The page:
Most of the climbers who attempt to summit Rainier do so without a guide, Kessler explained, and climbers sometimes take on more than they are prepared for. “Sometimes folks are in over their heads,” he said.
Gelu said most accidents happen when climbers make the trek on their own.
The Liberty Ridge route is particularly susceptible to rapidly changing conditions.
Because climbers can’t turn around and go back down, if the weather changes they have to continue to the summit. Once climbers summit, they take one of the easier routes down the other side of the mountain, most commonly the Emmons-Winthrop Glacier route.
Liberty Ridge is especially difficult because climbers need to carry all their gear with them. On other routes, they can leave supplies at a base camp and then summit with just a day pack. On Liberty Ridge, this isn’t an option.
On other routes, the ability to turn around can protect climbers from potential accidents, Gelu said.
“We see if they’re not doing very well, and … we let them turn around,” he said.
Gelu counseled experience as the best way for climbers to keep themselves safe. He recommended taking a 10 day mountaineering course before attempting to summit Mount Rainier alone.
Swartout also stressed the importance of experience for climbers.
“People get in trouble when they take on things they don’t have training, skills, or equipment for,” she said.
Experience can’t protect climbers completely, and deadly unforeseeable accidents still happen.
The 2014 accident remains an important example of this.
It is still the second-most deadly accident in the history of the park, only surpassed by an accident in 1981 when 11 climbers died on the mountain. The guides on the 2014 trek, Matthew Hegeman and Eitan Green, were close friends of Gelu’s.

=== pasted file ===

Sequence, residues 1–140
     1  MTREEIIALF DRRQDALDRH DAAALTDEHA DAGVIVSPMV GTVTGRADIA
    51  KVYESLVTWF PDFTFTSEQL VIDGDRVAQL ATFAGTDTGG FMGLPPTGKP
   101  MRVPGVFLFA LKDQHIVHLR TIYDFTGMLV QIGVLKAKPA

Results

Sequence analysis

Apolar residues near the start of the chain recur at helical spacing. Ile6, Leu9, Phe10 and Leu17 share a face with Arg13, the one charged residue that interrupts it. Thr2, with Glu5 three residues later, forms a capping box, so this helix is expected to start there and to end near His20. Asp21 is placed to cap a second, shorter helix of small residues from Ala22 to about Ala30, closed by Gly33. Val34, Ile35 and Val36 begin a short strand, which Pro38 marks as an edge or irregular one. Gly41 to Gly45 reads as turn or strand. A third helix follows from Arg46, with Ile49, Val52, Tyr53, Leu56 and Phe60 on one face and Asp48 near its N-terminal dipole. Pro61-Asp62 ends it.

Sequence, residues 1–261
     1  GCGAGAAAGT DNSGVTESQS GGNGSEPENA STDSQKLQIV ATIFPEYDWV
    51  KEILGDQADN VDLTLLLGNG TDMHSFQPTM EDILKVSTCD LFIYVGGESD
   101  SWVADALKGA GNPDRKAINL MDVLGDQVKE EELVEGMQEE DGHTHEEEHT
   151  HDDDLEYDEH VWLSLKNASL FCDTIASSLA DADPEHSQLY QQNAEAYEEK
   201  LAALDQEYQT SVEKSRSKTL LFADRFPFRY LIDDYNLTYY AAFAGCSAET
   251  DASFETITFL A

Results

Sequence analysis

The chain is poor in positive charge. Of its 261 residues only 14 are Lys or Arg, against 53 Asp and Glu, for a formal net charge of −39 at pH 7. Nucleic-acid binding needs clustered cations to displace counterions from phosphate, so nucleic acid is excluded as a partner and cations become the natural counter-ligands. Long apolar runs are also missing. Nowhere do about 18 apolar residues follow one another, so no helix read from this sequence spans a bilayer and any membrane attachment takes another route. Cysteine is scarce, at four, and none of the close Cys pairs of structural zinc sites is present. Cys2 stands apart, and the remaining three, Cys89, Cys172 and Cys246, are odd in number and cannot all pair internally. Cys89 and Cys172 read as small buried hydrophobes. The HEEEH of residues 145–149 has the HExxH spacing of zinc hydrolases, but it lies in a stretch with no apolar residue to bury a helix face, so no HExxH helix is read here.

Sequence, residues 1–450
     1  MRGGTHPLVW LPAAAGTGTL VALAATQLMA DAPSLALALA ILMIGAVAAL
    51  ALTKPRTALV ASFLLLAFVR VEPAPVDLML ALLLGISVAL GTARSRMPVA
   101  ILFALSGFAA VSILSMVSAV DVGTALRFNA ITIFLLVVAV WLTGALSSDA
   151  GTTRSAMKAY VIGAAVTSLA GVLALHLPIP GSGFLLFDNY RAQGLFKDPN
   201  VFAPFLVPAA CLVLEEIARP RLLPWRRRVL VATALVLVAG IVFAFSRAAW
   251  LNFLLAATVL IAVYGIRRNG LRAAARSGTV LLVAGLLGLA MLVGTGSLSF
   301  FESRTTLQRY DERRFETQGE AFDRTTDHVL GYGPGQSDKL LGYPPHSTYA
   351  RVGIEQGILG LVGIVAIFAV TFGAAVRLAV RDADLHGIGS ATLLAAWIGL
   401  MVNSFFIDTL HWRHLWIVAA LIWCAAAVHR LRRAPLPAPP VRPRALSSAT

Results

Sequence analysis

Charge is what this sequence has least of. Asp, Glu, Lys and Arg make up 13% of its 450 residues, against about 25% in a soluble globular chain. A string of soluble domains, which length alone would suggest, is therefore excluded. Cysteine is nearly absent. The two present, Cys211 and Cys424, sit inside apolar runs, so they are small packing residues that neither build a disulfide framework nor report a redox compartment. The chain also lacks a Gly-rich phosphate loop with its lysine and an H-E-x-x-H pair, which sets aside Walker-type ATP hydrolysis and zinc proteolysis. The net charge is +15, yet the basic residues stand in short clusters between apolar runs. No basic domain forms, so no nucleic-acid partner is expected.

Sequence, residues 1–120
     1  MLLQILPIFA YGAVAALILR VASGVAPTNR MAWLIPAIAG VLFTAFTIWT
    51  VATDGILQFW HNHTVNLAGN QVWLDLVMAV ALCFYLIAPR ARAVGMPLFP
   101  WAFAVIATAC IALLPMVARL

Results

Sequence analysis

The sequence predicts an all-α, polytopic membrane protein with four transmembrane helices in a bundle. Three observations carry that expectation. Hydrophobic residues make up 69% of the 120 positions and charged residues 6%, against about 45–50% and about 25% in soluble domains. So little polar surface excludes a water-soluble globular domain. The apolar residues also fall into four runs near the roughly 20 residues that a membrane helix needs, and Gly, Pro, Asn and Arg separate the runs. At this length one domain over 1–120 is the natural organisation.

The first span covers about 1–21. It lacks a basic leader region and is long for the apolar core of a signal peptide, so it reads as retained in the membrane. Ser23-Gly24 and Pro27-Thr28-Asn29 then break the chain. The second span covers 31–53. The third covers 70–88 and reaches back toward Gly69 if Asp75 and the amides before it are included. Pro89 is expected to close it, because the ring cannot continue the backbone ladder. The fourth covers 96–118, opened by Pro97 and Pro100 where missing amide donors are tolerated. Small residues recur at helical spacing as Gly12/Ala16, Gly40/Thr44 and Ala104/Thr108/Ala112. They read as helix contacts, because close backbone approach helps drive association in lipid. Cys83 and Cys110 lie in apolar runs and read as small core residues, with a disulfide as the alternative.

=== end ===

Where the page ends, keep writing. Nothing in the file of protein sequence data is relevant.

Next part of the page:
“Both guides were pretty experienced ... and then the avalanche caught them,” he said.
Liberty Ridge is unpredictable, and accidents tend to run in series, Kessler explained. On average there are no accidents on the route, and then some years the park will see several in a row.
“It’s a beautiful climb on a moderately difficult route,” Kessler said. “The difficulty of the route year to year depends on how the snow lays.”
Stay Safe on Mount Rainier this Summer:
Recommendations from Tracy Swartout, Mount Rainier National Park Superintendent. “We want people to come to the park and build a relationship with the park,” Swartout said. “If people can’t visit safely, we can’t achieve that mission.”
For general visitors:
Highest levels of visitation to the park are in July and August, and 30% of the visitors come in just 11 days. There will be long lines for parking during those months on the weekends, so travel to the park Tuesday, Wednesday, and Thursday. Make your trip before August and September, because wildfires begin at the end of the summer. Consider alternate entrances to the park to avoid delays, and be specific about where you’re going if you use a GPS.
Don’t hike off trail or park where you’re not supposed to park. This can be dangerous, and also hurt plant life.
97% of the park is wilderness, so visitors can’t expect cell coverage
The National Park Service has exclusive jurisdiction in Mount Rainier. Only park staff will deal with the incidents that happen, and Pierce County can’t get involved. Response times will take longer in remote areas.
In the backcountry:
Expect to be self reliant
People get injured when they want to go too far or go solo. Always make sure someone knows your plans, and let them know if your plans change
Leave a copy of your itinerary, but not valuables, in your car
Plan ahead and be prepared for changing conditions